The additional role of ISR is to ensure that leader won't block infinitely in the case of one replica's failure. In this situation, instead of waiting for replica's reply, the leader considers this node as failed and simply removes it from ISR set. By doing so, it can continue to send given message to the rest of replicas.

Does it mean that when one ISR fails, the leader choses new one ? Let's do some tests to see:

  1. Start 3 brokers
  2. Create one topic, with only 1 partition, and define replication factory to 2
  3. Check which brokers hold topic partition
  4. Verify which broker is a replica in ZooKeeper under /brokers/topics/replicationtopic/partitions/0/state path:
    {"controller_epoch":1,"leader":2,"version":1,"leader_epoch":0,"isr":[2,1]}
    
  5. Turn off replica
  6. Now, when you checking ISR state in ZooKeeper, you can see that there is only one ISR, corresponding to the leader:
    {"controller_epoch":1,"leader":2,"version":1,"leader_epoch":1,"isr":[2]}
    
    So, failing replicas don't trigger the creation of new replicas.

Other problem we could analyze is the case when one of replicas goes down and some times after, it goes up. To do the test, we still use the same configuration as in previous point. This time, we begin by making all replicas up and producing 100 message. Once done, we can turn off the replica node. The logs of leader should display something like that:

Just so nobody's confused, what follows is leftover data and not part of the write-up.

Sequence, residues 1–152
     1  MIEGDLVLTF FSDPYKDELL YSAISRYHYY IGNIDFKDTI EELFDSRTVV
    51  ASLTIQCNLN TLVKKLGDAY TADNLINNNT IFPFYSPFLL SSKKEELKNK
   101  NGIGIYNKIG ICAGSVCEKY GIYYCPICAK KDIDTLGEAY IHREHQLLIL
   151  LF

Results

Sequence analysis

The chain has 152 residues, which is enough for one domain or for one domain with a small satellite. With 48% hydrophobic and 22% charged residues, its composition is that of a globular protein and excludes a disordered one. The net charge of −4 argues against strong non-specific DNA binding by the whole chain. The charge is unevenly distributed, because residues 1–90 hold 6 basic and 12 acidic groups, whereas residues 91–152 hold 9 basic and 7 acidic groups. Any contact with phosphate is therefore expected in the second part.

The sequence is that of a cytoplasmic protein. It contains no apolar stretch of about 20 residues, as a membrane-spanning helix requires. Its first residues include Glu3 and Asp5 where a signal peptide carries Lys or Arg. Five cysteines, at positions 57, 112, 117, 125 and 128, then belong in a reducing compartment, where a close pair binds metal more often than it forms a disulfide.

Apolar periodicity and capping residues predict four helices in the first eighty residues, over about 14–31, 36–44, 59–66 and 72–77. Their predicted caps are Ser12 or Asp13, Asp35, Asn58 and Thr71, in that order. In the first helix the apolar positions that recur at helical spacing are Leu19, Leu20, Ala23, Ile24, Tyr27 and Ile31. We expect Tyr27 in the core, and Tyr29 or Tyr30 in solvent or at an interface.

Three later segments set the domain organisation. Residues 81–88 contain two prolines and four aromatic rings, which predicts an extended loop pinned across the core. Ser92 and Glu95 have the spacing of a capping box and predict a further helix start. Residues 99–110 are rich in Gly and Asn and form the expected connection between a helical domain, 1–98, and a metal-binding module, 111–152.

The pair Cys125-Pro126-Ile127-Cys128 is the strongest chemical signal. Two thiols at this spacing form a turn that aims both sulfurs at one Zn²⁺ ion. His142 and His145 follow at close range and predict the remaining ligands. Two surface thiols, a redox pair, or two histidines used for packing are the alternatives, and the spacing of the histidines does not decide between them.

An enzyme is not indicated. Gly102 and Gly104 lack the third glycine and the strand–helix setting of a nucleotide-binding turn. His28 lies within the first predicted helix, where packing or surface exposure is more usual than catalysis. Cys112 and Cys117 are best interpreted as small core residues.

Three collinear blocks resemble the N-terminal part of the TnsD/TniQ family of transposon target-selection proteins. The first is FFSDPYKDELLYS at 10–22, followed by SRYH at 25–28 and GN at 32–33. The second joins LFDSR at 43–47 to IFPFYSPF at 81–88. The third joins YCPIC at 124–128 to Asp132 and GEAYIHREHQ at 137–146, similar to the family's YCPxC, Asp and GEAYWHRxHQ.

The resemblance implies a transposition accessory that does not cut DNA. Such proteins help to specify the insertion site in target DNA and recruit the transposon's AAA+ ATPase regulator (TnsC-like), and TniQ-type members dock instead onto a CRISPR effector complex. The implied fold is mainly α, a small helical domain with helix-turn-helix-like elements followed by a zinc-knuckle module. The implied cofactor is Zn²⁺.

INFO [ReplicaFetcherManager on broker 2] Removed fetcher for partitions [replicationtopic,0] (kafka.server.ReplicaFetcherManager)

When replica is up again, it's resynchronized by first truncating its logs to the last checkpointed high watermark. After that, it starts to retrieve missing messages from the leader. Once it's done, the replica is available once again as in-sync one. These actions can be found in replica logs:

INFO Truncating log replicationtopic-0 to offset 100. (kafka.log.Log)
INFO [ReplicaFetcherThread-0-2], Starting  (kafka.server.ReplicaFetcherThread)
INFO [ReplicaFetcherManager on broker 1] Added fetcher for partitions List([[replicationtopic,0], initOffset 100 to broker BrokerEndPoint(2,bartosz,9094)] ) (kafka.server.ReplicaFetcherManager)

High watermark

In the previous part we're talking about high watermark. Each time when leader saves new data in one partition, it updated an information representing the last written offset. And this information is called high watermark. Further and periodically, it's communicated to the replicas.

It's the reason why in our last test, the replica truncated its logs to the first 100 ones (even if there no more than that in reality). This value corresponded to the value of HW. The messages up to HW were further retrieved by fetching them from the leader. After this operation, replica was synchronized again.

This post describes replication part of Apache Kafka. The first part presents how replicas are elected when new topics with replication factor superior to 1 is created. We can see that Kafka tolerates up to n-1 failures. That thanks to in-sync replicas idea, representing all nodes not so far away of leader. The third part shows the cases when replica is not following anymore the leader. In our case, it failed. The last and short part described the high watermark, ie. last commited offset.